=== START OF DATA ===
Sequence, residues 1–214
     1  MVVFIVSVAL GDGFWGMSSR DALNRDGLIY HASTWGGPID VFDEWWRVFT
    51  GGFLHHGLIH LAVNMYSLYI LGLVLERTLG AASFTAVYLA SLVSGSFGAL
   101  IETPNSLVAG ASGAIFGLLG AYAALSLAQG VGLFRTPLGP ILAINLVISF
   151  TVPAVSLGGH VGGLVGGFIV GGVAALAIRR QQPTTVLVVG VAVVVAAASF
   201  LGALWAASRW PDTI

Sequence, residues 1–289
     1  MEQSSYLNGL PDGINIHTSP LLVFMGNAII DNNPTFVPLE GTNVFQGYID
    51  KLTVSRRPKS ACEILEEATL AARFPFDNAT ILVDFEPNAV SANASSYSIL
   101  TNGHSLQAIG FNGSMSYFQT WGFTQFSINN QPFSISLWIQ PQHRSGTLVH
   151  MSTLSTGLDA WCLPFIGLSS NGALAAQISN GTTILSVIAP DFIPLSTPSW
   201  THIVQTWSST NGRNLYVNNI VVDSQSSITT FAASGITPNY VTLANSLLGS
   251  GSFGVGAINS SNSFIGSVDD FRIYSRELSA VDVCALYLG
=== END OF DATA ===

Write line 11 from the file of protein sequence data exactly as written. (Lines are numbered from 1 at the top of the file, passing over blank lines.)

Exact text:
   151  MSTLSTGLDA WCLPFIGLSS NGALAAQISN GTTILSVIAP DFIPLSTPSW